Despite a tough economic year to date the UK's economy shrank less than was first thought in the second quarter, suggesting that the early roots of recovery are starting to show.
The economy shrank by 0.4% in the April-to-June period, the Office for National Statistics (ONS) said in its third estimate of gross domestic product (GDP).
The revised figures showed a smaller contraction in the second quarter of the year and the UK’s double-dip recession is not as deep as previously feared.
It's initial estimate of a 0.7% contraction shocked the City in July, but smaller than previously thought falls in the production, manufacturing and construction sectors improved the decline to 0.5% last month and now 0.4%.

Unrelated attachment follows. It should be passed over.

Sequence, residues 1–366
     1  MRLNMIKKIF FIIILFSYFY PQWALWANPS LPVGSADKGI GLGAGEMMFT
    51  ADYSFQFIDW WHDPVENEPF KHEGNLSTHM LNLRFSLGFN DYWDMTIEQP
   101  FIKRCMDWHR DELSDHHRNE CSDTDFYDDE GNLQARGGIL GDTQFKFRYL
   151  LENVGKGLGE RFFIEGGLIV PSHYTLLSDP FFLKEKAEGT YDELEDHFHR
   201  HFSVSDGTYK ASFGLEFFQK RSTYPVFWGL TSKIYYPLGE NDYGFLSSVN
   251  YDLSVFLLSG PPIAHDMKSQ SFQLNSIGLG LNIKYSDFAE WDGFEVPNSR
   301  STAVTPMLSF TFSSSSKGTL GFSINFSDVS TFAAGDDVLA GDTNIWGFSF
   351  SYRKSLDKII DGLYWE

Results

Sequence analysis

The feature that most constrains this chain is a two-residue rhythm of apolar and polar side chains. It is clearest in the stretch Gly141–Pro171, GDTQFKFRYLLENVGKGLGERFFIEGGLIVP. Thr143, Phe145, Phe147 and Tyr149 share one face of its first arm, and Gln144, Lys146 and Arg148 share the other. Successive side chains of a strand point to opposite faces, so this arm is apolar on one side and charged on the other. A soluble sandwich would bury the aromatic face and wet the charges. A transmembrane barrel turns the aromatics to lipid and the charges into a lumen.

Hopes are now mounting of a return to growth in the third quarter after Bank of England Governor Mervyn King said last week there were “signs of a slow recovery”.
Retail figures from the CBI yesterday also offered some welcome cheer after revealing a modest sales increase on the high street this month.